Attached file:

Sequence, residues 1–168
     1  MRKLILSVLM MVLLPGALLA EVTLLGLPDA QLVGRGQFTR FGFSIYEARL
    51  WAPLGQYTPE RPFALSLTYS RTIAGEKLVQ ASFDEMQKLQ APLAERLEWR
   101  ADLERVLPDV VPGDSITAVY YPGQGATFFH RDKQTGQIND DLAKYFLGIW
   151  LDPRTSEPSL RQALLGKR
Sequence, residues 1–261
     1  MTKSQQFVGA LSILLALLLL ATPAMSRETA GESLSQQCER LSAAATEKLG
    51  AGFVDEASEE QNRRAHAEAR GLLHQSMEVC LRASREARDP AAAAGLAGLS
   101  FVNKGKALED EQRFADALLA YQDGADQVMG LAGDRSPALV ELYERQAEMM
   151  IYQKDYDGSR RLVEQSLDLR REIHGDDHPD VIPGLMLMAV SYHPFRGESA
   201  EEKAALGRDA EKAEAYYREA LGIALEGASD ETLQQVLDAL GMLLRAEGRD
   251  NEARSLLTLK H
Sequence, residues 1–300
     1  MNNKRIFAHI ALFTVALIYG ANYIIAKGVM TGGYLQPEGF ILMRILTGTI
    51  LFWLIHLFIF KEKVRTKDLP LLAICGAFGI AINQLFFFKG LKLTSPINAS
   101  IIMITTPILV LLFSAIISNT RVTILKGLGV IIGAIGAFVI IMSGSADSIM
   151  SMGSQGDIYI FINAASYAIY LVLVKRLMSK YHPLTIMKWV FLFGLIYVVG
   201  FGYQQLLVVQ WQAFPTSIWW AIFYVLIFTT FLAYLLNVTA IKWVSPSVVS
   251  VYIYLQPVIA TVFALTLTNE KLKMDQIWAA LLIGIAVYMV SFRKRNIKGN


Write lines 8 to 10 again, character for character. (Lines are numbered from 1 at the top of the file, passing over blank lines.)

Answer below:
    51  AGFVDEASEE QNRRAHAEAR GLLHQSMEVC LRASREARDP AAAAGLAGLS
   101  FVNKGKALED EQRFADALLA YQDGADQVMG LAGDRSPALV ELYERQAEMM
   151  IYQKDYDGSR RLVEQSLDLR REIHGDDHPD VIPGLMLMAV SYHPFRGESA